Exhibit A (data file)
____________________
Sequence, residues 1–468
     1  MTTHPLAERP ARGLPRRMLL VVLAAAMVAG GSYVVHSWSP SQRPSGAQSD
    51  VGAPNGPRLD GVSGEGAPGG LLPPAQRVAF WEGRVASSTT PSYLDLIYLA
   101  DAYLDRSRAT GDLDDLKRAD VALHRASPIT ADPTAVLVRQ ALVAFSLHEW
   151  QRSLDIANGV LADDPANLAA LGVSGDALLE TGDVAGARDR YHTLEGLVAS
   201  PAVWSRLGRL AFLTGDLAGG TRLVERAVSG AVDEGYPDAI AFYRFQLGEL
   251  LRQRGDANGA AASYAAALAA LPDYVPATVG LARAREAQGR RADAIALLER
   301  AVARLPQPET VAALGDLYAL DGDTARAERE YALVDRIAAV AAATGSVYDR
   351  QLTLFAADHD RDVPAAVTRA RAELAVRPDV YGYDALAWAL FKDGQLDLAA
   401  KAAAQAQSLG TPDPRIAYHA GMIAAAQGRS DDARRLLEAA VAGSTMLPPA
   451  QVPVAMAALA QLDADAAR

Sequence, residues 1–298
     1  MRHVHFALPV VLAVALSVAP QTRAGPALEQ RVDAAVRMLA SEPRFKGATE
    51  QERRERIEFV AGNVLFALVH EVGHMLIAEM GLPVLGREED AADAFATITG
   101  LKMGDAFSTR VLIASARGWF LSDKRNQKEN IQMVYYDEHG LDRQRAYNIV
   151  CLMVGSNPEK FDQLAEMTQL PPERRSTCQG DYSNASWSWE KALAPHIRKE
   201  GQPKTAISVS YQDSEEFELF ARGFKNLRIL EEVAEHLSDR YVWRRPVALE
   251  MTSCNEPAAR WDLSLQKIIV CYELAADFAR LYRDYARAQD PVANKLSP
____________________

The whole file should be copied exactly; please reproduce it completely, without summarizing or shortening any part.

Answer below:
Sequence, residues 1–468
     1  MTTHPLAERP ARGLPRRMLL VVLAAAMVAG GSYVVHSWSP SQRPSGAQSD
    51  VGAPNGPRLD GVSGEGAPGG LLPPAQRVAF WEGRVASSTT PSYLDLIYLA
   101  DAYLDRSRAT GDLDDLKRAD VALHRASPIT ADPTAVLVRQ ALVAFSLHEW
   151  QRSLDIANGV LADDPANLAA LGVSGDALLE TGDVAGARDR YHTLEGLVAS
   201  PAVWSRLGRL AFLTGDLAGG TRLVERAVSG AVDEGYPDAI AFYRFQLGEL
   251  LRQRGDANGA AASYAAALAA LPDYVPATVG LARAREAQGR RADAIALLER
   301  AVARLPQPET VAALGDLYAL DGDTARAERE YALVDRIAAV AAATGSVYDR
   351  QLTLFAADHD RDVPAAVTRA RAELAVRPDV YGYDALAWAL FKDGQLDLAA
   401  KAAAQAQSLG TPDPRIAYHA GMIAAAQGRS DDARRLLEAA VAGSTMLPPA
   451  QVPVAMAALA QLDADAAR

Sequence, residues 1–298
     1  MRHVHFALPV VLAVALSVAP QTRAGPALEQ RVDAAVRMLA SEPRFKGATE
    51  QERRERIEFV AGNVLFALVH EVGHMLIAEM GLPVLGREED AADAFATITG
   101  LKMGDAFSTR VLIASARGWF LSDKRNQKEN IQMVYYDEHG LDRQRAYNIV
   151  CLMVGSNPEK FDQLAEMTQL PPERRSTCQG DYSNASWSWE KALAPHIRKE
   201  GQPKTAISVS YQDSEEFELF ARGFKNLRIL EEVAEHLSDR YVWRRPVALE
   251  MTSCNEPAAR WDLSLQKIIV CYELAADFAR LYRDYARAQD PVANKLSP